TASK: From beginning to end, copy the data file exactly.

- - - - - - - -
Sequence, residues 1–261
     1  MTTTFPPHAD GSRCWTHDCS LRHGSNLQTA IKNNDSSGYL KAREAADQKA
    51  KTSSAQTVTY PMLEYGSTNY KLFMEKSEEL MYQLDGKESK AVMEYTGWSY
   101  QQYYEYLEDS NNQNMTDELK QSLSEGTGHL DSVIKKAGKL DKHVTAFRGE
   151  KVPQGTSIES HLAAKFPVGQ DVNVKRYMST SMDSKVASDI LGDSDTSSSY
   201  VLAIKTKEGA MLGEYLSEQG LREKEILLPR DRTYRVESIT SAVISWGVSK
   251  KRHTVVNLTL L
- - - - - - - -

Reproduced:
Sequence, residues 1–261
     1  MTTTFPPHAD GSRCWTHDCS LRHGSNLQTA IKNNDSSGYL KAREAADQKA
    51  KTSSAQTVTY PMLEYGSTNY KLFMEKSEEL MYQLDGKESK AVMEYTGWSY
   101  QQYYEYLEDS NNQNMTDELK QSLSEGTGHL DSVIKKAGKL DKHVTAFRGE
   151  KVPQGTSIES HLAAKFPVGQ DVNVKRYMST SMDSKVASDI LGDSDTSSSY
   201  VLAIKTKEGA MLGEYLSEQG LREKEILLPR DRTYRVESIT SAVISWGVSK
   251  KRHTVVNLTL L